In association with the Earth Volunteer Fire Department, the Texas A&M Forest Service has converted a former U.S. Army heavy-duty truck into a firetruck.

It took four months of work to convert the 1994 5-ton transport truck into a working firetruck.

Restoration work on the BMY M923A2 Military Cargo truck including replacing the soft top cab, sand blasting and painting the truck, adding a 1,650-gallon poly tank and a water cannon that will deliver 250 gallons of water per minute, according to the TAMU Forest Service.

“Over 60 percent of our territory is grass land and sandy hills,” said Earth VFD Fire Chief Mathew Goe. “A conventional truck would get stuck in this type of terrain but the six-wheel drive is perfect for getting out to the wildland fires.”

The vehicle was provided to the Earth VFD through the Department of Defense Firefighter Property Program administered by Texas A&M Forest Service.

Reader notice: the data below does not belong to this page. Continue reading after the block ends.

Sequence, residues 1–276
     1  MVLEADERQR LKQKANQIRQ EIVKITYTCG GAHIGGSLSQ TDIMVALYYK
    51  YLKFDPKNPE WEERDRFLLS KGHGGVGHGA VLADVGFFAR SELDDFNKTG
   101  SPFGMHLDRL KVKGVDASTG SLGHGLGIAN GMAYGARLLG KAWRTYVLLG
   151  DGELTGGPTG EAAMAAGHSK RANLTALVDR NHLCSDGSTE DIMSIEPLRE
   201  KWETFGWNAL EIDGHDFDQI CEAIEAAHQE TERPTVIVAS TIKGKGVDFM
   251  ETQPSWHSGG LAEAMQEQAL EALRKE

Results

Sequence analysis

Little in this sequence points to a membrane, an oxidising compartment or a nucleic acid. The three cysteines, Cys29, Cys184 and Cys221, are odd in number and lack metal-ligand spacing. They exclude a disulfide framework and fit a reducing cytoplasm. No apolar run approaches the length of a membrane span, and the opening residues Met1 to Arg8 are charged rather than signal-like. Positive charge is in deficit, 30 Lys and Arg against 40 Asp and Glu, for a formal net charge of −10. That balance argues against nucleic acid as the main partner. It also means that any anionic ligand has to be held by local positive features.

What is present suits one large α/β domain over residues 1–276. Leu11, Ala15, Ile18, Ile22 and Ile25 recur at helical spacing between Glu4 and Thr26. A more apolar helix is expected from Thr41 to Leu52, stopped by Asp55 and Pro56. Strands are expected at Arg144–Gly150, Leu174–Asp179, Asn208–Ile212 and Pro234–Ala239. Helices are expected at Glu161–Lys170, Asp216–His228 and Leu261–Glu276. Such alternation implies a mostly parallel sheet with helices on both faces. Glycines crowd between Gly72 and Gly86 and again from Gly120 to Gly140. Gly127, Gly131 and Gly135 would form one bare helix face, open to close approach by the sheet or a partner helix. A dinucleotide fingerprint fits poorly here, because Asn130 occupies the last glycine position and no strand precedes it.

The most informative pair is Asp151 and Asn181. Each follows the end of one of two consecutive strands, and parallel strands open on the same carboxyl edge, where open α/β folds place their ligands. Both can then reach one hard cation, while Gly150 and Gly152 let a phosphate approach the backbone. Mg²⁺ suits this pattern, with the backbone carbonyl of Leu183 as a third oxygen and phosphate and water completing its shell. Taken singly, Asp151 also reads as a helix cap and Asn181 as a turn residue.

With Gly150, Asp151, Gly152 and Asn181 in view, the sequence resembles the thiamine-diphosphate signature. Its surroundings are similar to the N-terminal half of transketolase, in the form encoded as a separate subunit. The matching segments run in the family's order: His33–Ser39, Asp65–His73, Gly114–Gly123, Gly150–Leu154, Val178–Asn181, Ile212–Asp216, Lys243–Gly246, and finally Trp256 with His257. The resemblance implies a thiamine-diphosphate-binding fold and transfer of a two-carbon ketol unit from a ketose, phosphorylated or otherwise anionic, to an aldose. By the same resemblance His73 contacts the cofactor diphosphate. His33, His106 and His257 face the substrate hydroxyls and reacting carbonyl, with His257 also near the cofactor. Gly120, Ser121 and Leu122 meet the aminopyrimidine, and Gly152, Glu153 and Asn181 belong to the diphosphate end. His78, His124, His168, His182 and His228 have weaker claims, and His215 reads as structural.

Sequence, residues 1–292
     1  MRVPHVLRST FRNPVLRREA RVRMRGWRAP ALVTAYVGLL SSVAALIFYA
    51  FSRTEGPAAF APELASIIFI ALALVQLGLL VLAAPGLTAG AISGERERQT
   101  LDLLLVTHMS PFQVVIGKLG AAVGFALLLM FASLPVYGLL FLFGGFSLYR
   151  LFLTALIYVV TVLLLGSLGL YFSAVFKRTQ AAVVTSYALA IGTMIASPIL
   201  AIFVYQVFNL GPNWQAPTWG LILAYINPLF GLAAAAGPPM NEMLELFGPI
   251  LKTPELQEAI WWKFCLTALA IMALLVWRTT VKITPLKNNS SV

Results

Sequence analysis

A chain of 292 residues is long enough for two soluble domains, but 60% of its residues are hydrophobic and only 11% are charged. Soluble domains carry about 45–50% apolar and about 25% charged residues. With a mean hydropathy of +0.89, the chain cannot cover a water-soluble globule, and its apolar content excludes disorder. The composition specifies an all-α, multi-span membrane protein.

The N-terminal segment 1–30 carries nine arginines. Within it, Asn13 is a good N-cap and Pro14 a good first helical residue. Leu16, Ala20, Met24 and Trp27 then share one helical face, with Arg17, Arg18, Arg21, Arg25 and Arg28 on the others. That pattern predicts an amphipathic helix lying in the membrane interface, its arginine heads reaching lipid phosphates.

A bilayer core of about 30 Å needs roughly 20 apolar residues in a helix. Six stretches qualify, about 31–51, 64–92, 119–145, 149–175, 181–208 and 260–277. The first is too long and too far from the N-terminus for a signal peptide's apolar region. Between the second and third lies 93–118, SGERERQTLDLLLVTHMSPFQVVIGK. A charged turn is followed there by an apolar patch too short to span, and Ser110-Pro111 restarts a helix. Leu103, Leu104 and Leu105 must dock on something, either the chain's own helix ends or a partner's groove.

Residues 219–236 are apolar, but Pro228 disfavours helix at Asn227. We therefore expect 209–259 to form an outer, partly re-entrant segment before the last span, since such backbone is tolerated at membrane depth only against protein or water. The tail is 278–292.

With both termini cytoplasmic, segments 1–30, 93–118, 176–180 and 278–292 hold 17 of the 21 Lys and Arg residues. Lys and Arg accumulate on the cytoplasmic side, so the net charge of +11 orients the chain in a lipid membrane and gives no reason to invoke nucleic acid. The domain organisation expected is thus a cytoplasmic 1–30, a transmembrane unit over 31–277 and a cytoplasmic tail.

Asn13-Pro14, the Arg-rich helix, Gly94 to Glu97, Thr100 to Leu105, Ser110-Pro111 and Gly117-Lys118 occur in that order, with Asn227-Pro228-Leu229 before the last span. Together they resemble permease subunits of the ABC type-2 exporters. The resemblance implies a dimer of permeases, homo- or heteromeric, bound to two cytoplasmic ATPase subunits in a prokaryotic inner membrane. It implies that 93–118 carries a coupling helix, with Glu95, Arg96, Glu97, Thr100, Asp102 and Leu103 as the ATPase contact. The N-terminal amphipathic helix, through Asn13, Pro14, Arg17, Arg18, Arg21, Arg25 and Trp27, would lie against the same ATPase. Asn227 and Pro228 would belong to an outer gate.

Earth is located about 65 miles northwest of Lubbock in Lamb County.

Here is a 'before' photo of the cargo truck gifted to the Earth VFD:

Earth Volunteer Fire Department- New Firetruck 'Before' picture- 2016
Texas A&M Forest Service

The DoD Firefighter Property Program provides excess military equipment to fire departments and emergency service providers. Launched in Texas in 2005, this program has released over 300 retired military trucks to VFDs across the state to help them better protect lives and property. The USDA Forest Service oversees the program. Texas A&M Forest Service picks up the vehicle from a military installation, performs necessary repairs and delivers it to the Volunteer Fire Department at no cost to them.

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